Over the past two weeks, Israeli authorities extended the remand of university professor and intellectual Ahmad Qatamish, Palestinian circus performer Muhammad Abu Sakha, as well as Palestinian activist and journalist Hassan Safadi.
Amnesty International released a statement Friday denouncing the three-month administrative detention order issued against 67-year-old Qatamish, a "prisoner of conscience,” on June 13, after being held without charge or trial in Ofer prison since May 14.
The statement described Qatamish as an "outspoken critic of both Israeli and Palestinian authorities and the Oslo accords,” who has "called for a fundamental change in the political landscape and strategy of Palestinians, an end to the divisions between Hamas and the Palestinian authorities in the West Bank, and has highlighted the Palestinian population’s discontent with their leadership.”
"Most recently, he has spoken out strongly in support of the mass Palestinian prisoner hunger strike,” the group said, adding that "Amnesty International believes that he has been detained solely due to his non-violent political activities and writing and to deter activism by other Palestinians.”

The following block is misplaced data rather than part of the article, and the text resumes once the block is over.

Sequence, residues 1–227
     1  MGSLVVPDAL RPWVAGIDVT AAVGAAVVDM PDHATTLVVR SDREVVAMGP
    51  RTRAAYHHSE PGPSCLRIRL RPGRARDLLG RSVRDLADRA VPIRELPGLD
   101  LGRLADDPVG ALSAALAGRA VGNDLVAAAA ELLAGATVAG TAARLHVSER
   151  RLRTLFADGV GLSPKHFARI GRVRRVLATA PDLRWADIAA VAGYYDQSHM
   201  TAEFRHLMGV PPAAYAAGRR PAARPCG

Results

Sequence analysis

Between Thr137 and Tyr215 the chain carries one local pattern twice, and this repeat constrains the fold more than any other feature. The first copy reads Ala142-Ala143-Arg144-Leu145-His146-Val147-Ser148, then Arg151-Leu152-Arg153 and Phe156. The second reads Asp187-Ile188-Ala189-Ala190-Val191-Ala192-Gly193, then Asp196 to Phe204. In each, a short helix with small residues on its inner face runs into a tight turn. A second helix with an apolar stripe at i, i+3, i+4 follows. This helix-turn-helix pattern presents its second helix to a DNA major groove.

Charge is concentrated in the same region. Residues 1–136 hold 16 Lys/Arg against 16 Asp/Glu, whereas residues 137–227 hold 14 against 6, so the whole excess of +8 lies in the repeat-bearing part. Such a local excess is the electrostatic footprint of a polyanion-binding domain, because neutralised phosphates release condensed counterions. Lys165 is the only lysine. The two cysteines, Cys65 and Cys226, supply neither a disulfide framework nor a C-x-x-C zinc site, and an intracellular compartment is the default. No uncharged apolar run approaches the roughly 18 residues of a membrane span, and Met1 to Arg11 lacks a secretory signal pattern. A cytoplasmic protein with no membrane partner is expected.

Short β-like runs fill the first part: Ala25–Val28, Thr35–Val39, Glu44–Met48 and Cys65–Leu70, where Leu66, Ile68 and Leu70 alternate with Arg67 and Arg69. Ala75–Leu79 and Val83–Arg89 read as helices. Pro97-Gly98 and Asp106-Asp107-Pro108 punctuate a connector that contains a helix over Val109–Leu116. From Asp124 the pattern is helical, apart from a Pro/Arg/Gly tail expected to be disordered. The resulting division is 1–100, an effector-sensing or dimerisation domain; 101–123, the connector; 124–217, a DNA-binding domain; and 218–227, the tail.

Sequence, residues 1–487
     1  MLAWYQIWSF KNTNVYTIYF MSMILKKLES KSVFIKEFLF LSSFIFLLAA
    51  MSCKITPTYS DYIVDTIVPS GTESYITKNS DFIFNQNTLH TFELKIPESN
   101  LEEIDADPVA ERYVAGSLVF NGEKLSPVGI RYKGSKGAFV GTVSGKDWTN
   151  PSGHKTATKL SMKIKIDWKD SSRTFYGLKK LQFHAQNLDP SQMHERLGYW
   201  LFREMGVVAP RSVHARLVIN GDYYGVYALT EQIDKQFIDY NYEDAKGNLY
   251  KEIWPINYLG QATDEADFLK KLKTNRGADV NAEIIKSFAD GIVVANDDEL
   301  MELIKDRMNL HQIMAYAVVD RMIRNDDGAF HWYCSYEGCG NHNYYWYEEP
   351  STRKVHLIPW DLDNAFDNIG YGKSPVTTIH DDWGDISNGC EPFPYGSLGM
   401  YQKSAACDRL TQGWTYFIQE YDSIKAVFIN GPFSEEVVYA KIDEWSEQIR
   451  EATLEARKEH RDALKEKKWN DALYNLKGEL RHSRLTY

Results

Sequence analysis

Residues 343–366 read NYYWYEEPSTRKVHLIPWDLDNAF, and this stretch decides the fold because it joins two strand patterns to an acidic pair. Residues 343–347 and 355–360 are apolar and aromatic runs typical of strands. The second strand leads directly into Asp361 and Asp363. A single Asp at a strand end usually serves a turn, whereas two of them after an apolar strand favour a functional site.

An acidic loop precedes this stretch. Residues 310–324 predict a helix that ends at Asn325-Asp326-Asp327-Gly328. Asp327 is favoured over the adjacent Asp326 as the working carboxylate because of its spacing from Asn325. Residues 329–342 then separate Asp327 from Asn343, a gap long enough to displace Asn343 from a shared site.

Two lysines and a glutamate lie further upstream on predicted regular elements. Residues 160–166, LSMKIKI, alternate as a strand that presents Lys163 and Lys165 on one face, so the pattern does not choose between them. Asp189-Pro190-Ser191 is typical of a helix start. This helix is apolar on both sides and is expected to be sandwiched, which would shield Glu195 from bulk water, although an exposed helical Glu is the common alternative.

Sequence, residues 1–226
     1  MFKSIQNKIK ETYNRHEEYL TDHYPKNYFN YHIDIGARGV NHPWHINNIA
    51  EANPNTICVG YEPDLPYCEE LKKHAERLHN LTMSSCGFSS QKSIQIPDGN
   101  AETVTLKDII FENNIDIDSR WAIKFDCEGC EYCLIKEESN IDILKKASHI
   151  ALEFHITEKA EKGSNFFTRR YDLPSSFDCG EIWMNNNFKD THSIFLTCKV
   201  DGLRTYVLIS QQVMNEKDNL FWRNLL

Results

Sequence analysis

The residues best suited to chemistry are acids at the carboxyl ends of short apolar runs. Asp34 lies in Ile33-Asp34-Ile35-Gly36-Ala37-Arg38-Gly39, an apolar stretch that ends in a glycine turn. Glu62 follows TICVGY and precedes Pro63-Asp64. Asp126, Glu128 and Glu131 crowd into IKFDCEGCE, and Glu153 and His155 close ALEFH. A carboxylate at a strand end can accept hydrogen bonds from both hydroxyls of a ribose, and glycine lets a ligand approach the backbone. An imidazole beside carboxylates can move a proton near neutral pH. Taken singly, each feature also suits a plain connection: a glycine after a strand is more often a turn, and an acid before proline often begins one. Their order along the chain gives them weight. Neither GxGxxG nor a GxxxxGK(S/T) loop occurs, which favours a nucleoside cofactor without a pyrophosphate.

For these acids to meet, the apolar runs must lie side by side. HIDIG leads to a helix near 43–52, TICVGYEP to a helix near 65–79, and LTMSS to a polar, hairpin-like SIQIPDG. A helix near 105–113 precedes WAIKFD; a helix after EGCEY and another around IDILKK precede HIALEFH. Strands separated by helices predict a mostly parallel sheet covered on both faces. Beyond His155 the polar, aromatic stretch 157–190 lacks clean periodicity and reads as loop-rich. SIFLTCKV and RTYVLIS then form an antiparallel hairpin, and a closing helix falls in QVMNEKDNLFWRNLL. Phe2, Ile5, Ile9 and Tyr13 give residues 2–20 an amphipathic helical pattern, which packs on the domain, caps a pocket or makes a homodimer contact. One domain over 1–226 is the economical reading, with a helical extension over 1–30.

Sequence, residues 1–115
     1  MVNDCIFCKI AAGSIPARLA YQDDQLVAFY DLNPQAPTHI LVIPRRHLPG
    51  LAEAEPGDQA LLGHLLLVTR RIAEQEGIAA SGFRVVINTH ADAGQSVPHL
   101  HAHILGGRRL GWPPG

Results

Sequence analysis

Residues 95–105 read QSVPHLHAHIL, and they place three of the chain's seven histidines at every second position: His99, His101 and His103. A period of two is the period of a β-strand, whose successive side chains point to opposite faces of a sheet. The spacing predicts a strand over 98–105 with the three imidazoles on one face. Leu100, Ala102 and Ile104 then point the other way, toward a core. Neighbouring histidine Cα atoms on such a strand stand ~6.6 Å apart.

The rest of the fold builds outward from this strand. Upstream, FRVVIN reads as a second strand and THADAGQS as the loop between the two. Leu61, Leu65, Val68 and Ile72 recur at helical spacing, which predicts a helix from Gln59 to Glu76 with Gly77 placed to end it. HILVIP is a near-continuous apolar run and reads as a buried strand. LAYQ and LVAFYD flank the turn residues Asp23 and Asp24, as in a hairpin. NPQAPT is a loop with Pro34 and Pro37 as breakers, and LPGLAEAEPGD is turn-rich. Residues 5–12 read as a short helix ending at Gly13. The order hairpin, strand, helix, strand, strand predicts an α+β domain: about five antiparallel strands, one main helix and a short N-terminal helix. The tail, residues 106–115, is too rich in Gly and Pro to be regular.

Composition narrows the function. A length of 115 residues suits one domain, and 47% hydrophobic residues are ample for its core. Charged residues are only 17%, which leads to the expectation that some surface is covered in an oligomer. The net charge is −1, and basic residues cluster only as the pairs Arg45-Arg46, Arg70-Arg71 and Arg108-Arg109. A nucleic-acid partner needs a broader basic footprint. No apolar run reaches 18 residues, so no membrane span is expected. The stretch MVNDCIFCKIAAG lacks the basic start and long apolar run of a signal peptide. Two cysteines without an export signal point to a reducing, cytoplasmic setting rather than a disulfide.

Qatamish has spent more than eight years under separate stints of administrative detention, and was most recently released in December 2013.
His wife told Amnesty International that as a result of his mistreatment and medical neglect in Israeli prisons, he sustained damages to his inner ear affecting his balance and has had recurring episodes of fainting and blackouts, Ma’an news agency reported.
Amnesty International called on Israeli authorities "to ensure Ahmad Qatamish has prompt access to adequate healthcare and medical treatment, pending his release.”
While Israeli authorities claim the withholding of evidence during administrative detention, which allows detention for three- to six-month renewable intervals, is essential for state security concerns, rights groups have instead claimed that the policy allows Israeli authorities to hold Palestinians for an indefinite period of time without showing any evidence that could justify their detentions.
Rights groups say that Israel's administrative detention policy has also been used as an attempt to disrupt Palestinian political and social processes, notably targeting Palestinian politicians, activists, and journalists.
According to rights groups, 6,200 Palestinians were detained by Israel as of May, 490 of whom were held in administrative detention.